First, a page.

Beyond indefinite detention, numerous allegations of torture, and a massively deficient court system created by the Military Commissions Act, the case of Sami al Hajj, an Al Jazeera reporter, adds the prospect of uncovering a new and equally disturbing side of Guantánamo: its use as a mechanism to further silence the the press.
Illustration drawn by Sami al Hajj while detained at Guantánamo.
Sami al Hajj was arrested in December 2001 by Pakistani authorities as he tried to re-enter Afghanistan, the location of his news assignment. He was turned over to United States officials and arrived in Guantánamo in June 2002. Sami al Hajj was released six years later on May 1, 2008, without ever having been charged with a crime. Although the longterm detention and seemingly arbitrary release of so-called “enemy combatants” without charge is, quite disturbingly, not unique, what does make his case unique is the fact that he is a journalist, and the U.S. government has consistently failed to show that he was acting in any other manner when he was detained and sent to Guantánamo.
The extremely troubling nature of Sami al Hajj’s case was highlighted in a recent article by Bob Egelko of the San Francisco Chronicle. The article cites allegations made by Sami al Hajj and his attorney, Clive Stafford Smith of the Londonbased human rights organization Reprieve, that assert that Sami al Hajj’s detention may have been due to the fact that he worked for Al Jazeera, the largest broadcaster in the Arab world and nothing more. Al Jazeera has been consistently attacked by the U.S. government for its alleged inaccurate coverage of the U.S.-led wars in Afghanistan and Iraq, as well as U.S. policy more broadly. This criticism has been countered by people across the Arab world, as well as here at home who view Al Jazeera’s coverage of the U.S. led wars as a welcome reprieve from the censored imbedded journalism conducted by the mainstream U.S. media. Al Jazeera English was also recently nominated for two Emmy Awards in the news and current affairs categories.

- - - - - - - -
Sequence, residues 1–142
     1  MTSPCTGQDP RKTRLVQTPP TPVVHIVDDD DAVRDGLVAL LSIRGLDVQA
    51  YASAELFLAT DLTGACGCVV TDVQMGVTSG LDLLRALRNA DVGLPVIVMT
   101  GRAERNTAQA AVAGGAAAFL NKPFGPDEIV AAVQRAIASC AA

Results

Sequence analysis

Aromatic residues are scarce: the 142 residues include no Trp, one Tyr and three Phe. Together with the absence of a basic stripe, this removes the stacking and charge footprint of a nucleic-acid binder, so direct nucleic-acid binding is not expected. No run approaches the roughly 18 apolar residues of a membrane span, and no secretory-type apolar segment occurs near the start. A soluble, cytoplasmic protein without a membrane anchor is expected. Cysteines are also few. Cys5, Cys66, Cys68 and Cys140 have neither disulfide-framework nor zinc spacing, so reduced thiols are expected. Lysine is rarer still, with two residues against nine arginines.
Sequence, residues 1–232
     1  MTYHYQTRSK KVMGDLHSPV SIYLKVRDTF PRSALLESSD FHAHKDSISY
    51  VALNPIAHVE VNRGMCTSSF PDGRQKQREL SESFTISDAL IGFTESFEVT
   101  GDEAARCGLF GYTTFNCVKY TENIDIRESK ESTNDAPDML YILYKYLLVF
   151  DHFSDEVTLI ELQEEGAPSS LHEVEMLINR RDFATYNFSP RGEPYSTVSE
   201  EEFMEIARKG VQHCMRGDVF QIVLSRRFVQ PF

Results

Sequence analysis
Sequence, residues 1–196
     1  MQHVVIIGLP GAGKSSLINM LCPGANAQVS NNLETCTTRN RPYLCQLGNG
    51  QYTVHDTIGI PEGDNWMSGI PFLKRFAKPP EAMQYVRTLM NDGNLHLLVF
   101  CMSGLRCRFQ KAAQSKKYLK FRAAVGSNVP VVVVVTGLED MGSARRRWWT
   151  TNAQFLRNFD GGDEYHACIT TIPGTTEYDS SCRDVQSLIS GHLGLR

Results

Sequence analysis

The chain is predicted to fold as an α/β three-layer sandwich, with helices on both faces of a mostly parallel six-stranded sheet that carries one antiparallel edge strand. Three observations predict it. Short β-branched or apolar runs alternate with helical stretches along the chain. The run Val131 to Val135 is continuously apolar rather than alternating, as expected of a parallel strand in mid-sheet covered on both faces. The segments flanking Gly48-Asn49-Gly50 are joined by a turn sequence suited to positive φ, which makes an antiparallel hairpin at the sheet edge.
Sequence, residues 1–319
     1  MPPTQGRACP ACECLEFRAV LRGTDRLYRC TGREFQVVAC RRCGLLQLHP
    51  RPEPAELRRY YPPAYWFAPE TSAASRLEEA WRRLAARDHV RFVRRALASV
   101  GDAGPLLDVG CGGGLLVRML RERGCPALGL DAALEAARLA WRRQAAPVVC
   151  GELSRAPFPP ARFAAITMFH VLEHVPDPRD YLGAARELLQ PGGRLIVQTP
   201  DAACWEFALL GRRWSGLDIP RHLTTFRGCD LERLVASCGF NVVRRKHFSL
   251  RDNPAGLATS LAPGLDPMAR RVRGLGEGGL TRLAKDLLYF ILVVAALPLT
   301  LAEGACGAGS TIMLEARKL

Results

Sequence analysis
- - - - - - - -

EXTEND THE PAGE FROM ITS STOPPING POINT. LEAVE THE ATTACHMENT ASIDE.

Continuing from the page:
Egelko’s article quotes Sami al Hajj’s human rights attorney, Clive Stafford Smith, stating that Sami al Hajj and he “calculated about 135 times [Sami had] been interrogated, and about the first 120 the only interest [his interrogators] had was Al-Jazeera.” Clive Stafford Smith was further quoted as stating that the interrogators of Sami al Hajj “told him that they thought Al-Jazeera was an al Qaeda front.” While we have no independent way of verifying the validity of this statement, the state of press freedom in the United States gives added weight to the seriousness of such allegations. As Reporters Without Borders’ most recent press freedom index shows, the United States’ rank is far from its rhetoric. The U.S. is ranked 48th in the world for press freedom, and 111th in the world for press freedom when viewing the U.S. extraterritorially.
The freedom of the press is vital to the maintenance and security of our republic. Allegations such as Sami al Hajj’s, while unverifiable, should make us all more aware of both the importance of such a freedom and the ease with which the government can take it away.